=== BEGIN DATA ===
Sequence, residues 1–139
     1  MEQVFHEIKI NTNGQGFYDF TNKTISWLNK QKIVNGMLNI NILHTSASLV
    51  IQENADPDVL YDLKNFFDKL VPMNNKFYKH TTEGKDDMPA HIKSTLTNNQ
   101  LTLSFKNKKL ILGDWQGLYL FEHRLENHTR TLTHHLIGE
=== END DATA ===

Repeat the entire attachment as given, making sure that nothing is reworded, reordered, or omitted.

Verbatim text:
Sequence, residues 1–139
     1  MEQVFHEIKI NTNGQGFYDF TNKTISWLNK QKIVNGMLNI NILHTSASLV
    51  IQENADPDVL YDLKNFFDKL VPMNNKFYKH TTEGKDDMPA HIKSTLTNNQ
   101  LTLSFKNKKL ILGDWQGLYL FEHRLENHTR TLTHHLIGE